GIS/GPS Techniques help evaluate soil insect and nematode pest control strategies in sweet potatoes

Linda Benedict, Smith, Tara, Burns, Dennis, Burris, Eugene, Wolcott, Maurice C., Overstreet, Charles  |  6/15/2009 8:59:15 PM

Figure 1.

Figure 2.

Eugene Burris, Dennis Burns, Tara P. Smith, Charles Overstreet and Maurice C. Wolcott

Most sweet potato production in Louisiana lies within the Macon Ridge terrace that starts near Eudora, Ark., and ends near Sicily Island, La. Ter­race uplands of the ridge make up about 75 percent of West Carroll and Franklin parishes. The prominent ridge consists of almost entirely early-Wisconsin glacial outwash. The eastern edge of the region is higher by 20 to 30 feet compared with the western edge. A veneer of loess soil covers 75 percent of the region. Manag­ing crops on these loess soils of the Mid­south is difficult because they contain little organic matter, have a permanent hardpan, are droughty and erode easily. Generally, these fields are small com­pared to delta alluvial fields; however, they often have considerable variability in soil texture. This variability is often created by land-leveling for irrigation and drainage improvements. The reni­form nematode is another problem not uniformly distributed within these fields. This variability presents producers with an opportunity to manage these problems in a site-specific manner.

Recently, LSU AgCenter research and extension personnel have attempt­ed to characterize sources of variability within loess soils using the Veris cart, which measures apparent electrical con­ductivity (EC) in the soil. These data combined with real-time kinetic geo­graphical position systems (GPS) can be used to characterize in-field soil texture variability. The Veris cart provides a method for categorizing regions of a field into low and high silt and clay content, and Veris EC values are highly correlated to clay content. Because of the narrow range of electrical conductivity measured in the loess soil regions, three ranges determined by natural breaks were typi­cally used to characterize the field into zones (Figure 1).

Geographic information system (GIS) tools – computerized systems used to compile, retrieve, analyze and display spatially referenced data – were used in combination with GPS to develop pre­scriptions for site-specific applications of lime and fertilizer for correcting soil pH and nutrient deficiencies and fumigation for managing nematodes.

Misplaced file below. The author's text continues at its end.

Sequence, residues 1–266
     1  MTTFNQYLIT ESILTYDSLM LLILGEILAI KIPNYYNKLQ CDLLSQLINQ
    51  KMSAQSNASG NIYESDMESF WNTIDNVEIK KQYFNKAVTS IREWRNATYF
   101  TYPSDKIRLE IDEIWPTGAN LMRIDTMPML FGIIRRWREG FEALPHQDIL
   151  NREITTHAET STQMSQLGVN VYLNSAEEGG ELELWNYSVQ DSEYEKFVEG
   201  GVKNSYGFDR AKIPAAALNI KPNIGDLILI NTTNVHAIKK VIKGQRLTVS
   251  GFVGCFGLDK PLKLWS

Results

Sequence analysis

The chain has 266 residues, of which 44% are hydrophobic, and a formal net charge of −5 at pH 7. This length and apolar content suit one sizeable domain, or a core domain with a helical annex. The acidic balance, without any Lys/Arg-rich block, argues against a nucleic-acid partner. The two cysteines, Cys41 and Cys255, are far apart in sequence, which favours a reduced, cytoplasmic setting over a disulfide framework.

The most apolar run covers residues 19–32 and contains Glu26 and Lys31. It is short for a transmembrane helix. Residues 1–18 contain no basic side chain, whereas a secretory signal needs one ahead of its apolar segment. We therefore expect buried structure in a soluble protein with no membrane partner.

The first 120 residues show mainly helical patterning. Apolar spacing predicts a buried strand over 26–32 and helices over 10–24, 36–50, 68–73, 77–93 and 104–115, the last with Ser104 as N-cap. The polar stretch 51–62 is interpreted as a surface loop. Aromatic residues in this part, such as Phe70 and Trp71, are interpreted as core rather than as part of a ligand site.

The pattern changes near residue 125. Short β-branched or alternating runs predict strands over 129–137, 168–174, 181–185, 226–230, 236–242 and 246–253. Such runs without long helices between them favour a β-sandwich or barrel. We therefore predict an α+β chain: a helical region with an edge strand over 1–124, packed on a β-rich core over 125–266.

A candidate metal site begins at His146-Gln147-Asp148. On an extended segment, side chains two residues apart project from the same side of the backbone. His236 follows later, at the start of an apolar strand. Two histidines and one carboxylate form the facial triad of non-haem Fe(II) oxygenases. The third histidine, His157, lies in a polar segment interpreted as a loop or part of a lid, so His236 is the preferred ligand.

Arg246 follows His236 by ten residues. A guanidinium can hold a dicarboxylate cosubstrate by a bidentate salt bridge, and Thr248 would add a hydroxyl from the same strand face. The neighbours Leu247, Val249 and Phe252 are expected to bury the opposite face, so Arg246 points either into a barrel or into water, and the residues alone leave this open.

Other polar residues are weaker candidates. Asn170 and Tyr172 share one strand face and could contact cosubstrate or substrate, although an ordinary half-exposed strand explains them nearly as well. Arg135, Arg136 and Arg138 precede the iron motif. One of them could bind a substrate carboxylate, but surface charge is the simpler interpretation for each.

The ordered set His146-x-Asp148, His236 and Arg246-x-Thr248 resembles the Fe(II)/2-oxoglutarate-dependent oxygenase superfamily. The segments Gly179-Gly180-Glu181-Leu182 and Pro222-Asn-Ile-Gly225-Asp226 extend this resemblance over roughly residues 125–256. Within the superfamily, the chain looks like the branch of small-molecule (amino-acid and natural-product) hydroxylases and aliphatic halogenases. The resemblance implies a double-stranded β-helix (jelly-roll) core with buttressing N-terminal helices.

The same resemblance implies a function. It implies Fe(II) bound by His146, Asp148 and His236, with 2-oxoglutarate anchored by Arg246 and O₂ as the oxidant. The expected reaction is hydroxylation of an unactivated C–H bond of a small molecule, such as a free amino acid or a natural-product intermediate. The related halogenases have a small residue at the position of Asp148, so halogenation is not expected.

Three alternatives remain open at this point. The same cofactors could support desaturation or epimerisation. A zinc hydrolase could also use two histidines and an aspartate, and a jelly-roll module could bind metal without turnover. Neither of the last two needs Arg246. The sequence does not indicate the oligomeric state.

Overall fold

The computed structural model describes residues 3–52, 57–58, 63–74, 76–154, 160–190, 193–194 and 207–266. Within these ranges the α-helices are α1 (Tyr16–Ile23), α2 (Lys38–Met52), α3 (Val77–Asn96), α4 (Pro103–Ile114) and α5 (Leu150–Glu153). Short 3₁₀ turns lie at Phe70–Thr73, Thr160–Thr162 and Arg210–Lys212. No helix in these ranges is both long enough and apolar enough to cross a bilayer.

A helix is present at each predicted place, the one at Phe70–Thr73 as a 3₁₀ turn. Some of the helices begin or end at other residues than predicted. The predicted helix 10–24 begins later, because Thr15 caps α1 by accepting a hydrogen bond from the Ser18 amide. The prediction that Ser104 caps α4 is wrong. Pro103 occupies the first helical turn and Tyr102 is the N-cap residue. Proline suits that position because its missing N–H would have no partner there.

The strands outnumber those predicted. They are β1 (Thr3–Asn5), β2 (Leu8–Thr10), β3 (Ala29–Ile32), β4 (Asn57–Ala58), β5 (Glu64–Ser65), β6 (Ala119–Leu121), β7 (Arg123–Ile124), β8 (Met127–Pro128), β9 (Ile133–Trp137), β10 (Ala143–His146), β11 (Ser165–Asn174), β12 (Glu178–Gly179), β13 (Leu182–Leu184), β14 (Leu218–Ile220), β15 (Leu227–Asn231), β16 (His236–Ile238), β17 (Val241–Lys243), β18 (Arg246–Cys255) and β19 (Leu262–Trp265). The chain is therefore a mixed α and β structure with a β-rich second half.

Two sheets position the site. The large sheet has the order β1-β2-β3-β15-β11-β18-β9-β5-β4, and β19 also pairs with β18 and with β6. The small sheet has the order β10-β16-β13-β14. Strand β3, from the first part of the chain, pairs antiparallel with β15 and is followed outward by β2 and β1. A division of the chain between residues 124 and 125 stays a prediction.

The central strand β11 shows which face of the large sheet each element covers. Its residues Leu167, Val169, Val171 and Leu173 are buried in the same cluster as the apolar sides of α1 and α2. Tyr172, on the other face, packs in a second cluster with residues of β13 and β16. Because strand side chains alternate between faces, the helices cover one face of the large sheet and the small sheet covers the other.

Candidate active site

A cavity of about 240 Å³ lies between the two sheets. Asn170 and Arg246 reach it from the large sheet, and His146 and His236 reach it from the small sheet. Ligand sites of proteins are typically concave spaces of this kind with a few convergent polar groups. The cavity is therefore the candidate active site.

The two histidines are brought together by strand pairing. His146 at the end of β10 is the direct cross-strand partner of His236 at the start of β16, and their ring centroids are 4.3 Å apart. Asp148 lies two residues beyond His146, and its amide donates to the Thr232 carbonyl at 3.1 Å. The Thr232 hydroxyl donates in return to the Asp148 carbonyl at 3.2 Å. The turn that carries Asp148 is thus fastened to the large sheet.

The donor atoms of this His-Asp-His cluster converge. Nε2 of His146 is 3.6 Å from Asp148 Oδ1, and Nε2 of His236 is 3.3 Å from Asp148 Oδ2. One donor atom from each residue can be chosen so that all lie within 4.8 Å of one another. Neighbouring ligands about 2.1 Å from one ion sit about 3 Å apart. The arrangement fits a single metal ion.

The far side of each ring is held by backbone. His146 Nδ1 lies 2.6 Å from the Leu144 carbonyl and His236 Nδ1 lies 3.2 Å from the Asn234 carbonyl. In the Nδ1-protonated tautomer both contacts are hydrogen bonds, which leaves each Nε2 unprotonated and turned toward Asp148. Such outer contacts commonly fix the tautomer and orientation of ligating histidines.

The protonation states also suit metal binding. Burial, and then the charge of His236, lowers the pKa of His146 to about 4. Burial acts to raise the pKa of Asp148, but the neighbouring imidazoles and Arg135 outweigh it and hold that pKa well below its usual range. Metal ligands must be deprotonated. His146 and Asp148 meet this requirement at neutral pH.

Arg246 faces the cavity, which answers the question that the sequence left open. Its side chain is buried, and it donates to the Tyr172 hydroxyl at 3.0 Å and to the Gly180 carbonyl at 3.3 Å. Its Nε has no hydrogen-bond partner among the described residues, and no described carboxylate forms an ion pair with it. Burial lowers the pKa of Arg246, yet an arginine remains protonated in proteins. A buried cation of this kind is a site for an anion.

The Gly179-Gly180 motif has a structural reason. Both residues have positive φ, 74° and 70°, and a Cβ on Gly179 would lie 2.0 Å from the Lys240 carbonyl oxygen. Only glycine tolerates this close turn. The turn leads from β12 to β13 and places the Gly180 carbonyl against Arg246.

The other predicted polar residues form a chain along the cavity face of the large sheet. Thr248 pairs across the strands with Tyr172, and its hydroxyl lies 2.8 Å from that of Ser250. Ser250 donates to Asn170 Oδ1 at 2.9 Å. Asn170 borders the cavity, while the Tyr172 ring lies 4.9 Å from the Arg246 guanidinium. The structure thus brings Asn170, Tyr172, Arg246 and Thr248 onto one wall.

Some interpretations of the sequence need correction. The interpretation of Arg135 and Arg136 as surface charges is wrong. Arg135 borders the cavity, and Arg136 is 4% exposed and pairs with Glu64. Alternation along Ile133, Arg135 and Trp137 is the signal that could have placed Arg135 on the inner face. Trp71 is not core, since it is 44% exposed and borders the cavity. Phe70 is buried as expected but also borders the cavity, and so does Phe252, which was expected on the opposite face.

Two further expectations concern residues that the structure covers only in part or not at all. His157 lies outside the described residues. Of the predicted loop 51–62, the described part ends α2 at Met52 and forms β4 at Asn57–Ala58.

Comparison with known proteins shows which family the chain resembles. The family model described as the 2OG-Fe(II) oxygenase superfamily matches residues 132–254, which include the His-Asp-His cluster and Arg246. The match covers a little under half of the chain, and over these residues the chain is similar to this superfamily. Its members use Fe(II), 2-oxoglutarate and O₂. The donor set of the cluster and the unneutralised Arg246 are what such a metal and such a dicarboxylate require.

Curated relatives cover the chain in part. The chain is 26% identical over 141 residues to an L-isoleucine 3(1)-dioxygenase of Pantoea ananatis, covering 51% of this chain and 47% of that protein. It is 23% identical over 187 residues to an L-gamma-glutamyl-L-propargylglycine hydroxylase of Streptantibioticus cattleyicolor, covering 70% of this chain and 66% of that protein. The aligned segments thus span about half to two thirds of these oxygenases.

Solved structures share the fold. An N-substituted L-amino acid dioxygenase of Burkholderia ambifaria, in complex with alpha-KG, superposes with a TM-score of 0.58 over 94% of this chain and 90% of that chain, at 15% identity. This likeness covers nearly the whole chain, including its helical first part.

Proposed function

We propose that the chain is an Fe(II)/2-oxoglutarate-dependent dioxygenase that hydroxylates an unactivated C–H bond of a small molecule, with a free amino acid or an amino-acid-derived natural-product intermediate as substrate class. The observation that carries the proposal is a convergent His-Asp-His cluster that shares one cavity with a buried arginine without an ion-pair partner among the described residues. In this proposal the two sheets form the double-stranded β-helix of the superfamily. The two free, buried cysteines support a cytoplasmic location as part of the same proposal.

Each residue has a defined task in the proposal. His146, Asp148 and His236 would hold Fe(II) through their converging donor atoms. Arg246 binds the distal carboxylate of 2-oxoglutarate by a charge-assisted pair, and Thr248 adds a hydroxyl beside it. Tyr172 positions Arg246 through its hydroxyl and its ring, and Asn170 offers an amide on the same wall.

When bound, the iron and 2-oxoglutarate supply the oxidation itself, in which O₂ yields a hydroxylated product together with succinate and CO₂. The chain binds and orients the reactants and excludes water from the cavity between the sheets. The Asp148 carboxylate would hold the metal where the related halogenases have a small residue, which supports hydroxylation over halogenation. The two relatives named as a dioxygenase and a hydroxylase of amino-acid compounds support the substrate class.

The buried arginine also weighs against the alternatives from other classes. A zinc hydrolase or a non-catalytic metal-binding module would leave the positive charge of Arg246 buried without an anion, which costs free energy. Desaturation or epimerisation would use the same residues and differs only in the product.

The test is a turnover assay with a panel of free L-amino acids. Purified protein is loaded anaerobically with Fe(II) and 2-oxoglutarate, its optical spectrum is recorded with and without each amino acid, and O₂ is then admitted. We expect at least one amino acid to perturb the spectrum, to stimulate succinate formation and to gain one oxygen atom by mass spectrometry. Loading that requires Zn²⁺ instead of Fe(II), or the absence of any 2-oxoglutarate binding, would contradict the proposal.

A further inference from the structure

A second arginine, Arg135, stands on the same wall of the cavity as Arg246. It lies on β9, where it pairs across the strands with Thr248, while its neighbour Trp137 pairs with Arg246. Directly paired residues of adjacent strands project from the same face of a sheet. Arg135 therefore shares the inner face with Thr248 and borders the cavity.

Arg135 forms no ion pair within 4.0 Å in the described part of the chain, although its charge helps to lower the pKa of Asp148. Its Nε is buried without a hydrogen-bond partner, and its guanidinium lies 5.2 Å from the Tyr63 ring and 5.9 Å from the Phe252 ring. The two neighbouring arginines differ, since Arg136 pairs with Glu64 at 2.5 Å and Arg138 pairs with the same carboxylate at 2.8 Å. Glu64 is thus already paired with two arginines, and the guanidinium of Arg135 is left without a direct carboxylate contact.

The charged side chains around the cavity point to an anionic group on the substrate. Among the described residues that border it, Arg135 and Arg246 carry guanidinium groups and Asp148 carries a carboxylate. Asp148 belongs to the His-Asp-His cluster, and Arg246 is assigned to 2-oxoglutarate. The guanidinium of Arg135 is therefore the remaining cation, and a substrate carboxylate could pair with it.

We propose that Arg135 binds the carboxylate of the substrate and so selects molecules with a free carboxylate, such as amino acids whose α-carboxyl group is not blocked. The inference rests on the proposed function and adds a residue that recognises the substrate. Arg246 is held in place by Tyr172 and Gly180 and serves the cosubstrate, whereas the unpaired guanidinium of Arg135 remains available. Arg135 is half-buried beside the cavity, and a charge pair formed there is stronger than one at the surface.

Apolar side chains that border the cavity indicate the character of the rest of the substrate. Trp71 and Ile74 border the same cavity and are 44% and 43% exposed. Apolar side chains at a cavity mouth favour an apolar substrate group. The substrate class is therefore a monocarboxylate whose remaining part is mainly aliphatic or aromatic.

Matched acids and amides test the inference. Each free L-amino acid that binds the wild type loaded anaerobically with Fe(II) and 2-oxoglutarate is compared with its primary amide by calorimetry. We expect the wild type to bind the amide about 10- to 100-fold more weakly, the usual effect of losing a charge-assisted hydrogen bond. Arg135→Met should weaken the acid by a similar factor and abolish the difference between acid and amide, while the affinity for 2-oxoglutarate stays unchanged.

Research using these techniques in Louisiana sweet potato production is limited. The results from these studies, however, show GIS/GPS techniques have the potential to help sweet potato produc­ers fine tune lime and fertilize treatments as well as provide relief from costly blanket applications of nematicides – both major expenses incurred in sweet potato production.

In initial studies conducted on the Macon Ridge, one-acre grids were used to develop soil sample plans (Figures 1 and 2). Grids overlaid on GIS maps served to organize placement of the GPS sample points. The goal for sampling was to collect soil from the dominate EC range featured in the grid (Figure 1). Therefore, the final soil sampling proce­dure was derived from a combination of scientific and subjective techniques. The grid-management technique also was used to track early movement of cucumber beetles on one farmer’s field (Figure 2).

In 2007, researchers used these tech­niques to evaluate insects across irrigat­ed and non-irrigated portions of a field (Figure 1). Insect data were collected routinely throughout the season from one-acre grid plots. Sweep-net collec­tions from individual grids were used to provide data on cucumber beetles, click beetles, armyworms, loopers and crick­ets. The grid pattern allowed observa­tions of early insect movement across an 85-acre field. Sampling using this method indicated that early emergence of cucumber beetles was variable enough to justify use of site-specific treatments for the first one to two insecticide applica­tions. Sampling in this manner, however, is time-consuming and labor-intensive.

In 2008, fields were sampled on a farm in northeast Louisiana near Oak Grove. In cooperation with the producer, Veris data and soil samples from one-acre grids were collected prior to plant­ing in the spring. Several opportunities for site-specific lime applications to cor­rect soil pH were found, and grid-sam­pling data could be used to make site-specific treatments for reniform nema­todes in some fields.

Using these methods, LSU AgCenter researchers consistently have observed and documented GIS-referenced dif­ferences in soil pH, potassium, phos­phorous, zinc, boron and sulfur. Since reniform nematodes thrive and reproduce throughout all EC zones, grid sampling is the most effective means of charac­terizing variability in reniform nema­tode population densities. Site-specific prescription treatments for soil pH, soil fertility and reniform nematodes can be developed using both soil EC data and data from grid sampling.

Equipment for site-specific delivery of nematicides was generally not avail­able at the farms; however, several farm­ers recently purchased fumigation equip­ment with GIS/GPS capability.

Eugene Burris, Professor, Northeast Research Station, St. Joseph, La.; Dennis Burns, Agri­cultural and Natural Resources Agent, Tensas Parish, St. Joseph, La.; Tara P. Smith, Assistant Professor, Sweet Potato Research Station, Chase, La.; Charles Overstreet Professor, and Maurice C. Wolcott, Instructor and Extension Specialist, Department of Plant Pathology & Crop Physiol­ogy, LSU AgCenter, Baton Rouge, La.

(This article was published in the spring 2009 issue of Louisiana Agriculture.)

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